K: Yeah. When the Korean War broke out, when they, when they formed the force here to send to Korea,
K: It was an all volunteer force. So you volun, and I volunteered for it, and I was taken.
I: Well, why didn’t you do if for, um, Navy rather than Army?
K: Well, I wasn’t, I wasn’t in the Navy. I was a civilian working for the Navy Department.
I: I know.
I: But still you knew about Navy.
K: Oh yeah. I didn’t want to be in it.
K: I saw plenty of the Navy while I was working there, and I thought not for me.
I: So when did you join the Army?
K: Uh, 1950.
I: What month, do you remember?
K: Uh, I think it was, um, August I think. It was when the first, first volunteers were called for.
K: And then they sorted them out, yeah.
I: So let me, before we go into the details of your military service, I want to ask this question. Did you learn or did you know anything about Korea, the location, history, anything? Not at al?
K: I knew where it was, and that was about all.
K: Well, we’d had nothing, no schooling, you know, nothing that’s
come up in schooling. It was just in the, it was in the East, you know, around by Japan.
I: Ran by Japan. That’s all you knew?
K: That’s about it, next door to China.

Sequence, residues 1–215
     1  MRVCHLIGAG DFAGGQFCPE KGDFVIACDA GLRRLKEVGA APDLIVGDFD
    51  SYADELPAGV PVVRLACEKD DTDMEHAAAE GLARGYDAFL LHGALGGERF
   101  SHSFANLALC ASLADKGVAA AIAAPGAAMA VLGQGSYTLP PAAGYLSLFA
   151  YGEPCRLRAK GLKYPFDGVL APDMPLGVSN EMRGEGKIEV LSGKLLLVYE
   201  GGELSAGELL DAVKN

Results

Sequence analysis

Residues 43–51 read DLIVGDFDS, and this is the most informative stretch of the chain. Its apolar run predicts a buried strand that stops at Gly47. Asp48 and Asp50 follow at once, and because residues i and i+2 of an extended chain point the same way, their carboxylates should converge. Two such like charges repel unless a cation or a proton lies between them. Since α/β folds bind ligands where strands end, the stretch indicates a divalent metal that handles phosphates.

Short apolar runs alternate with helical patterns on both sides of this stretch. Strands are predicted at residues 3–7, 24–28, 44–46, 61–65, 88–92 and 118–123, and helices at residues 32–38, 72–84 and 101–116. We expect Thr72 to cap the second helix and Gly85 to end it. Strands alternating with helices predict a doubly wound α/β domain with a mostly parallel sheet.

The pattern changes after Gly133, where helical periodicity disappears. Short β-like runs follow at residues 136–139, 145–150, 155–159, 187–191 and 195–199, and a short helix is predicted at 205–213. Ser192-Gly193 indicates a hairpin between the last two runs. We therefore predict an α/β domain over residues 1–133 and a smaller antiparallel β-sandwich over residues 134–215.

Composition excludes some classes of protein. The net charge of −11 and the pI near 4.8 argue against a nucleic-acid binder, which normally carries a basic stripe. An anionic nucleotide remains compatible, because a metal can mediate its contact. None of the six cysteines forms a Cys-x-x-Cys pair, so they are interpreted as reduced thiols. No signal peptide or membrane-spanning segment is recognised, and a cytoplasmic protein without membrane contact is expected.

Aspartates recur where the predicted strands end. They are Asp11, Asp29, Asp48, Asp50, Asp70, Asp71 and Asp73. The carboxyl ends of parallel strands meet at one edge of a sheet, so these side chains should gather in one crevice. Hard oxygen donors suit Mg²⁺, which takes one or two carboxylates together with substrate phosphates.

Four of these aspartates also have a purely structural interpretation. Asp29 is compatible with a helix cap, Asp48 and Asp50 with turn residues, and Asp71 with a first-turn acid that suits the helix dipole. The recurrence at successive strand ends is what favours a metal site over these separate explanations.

I: Next door to China, yes. So basically you made the point. It’s either China or Asia when we talking about, I mean, China or Japan when we talk about Asia at the time.
I: And Korea was just between them
I: So now you are Korean War veteran.
I: Have you been back to Korea since then?
I: When did you go back?
K: Uh, 2010.
I: 2010. And that was your first time to be back?
I: How did you feel when you, when you arrive in Korea in 2010?
K: I was amazed. Really amazed. The Korea that I first went to was
smashed to bits.
I: Um hm.
K: The second time, then that visit there, when you see all these big buildings and, uh, everything, all the construction work that had gone on, um, just amazed. Thought it was a fight being worthwhile.
I: You thought so?
K: when I went back.
I: What else did you see? I mean, compare. This interview will be checked out by the young students in New Zealand, and they don’t have any idea of what Korea looked like in 1950 when you went for the first time. And then you are the person who can witness about this differences between ’50 and 21st century.
I: Tell them the, the discrepancy or differences that you, you are the only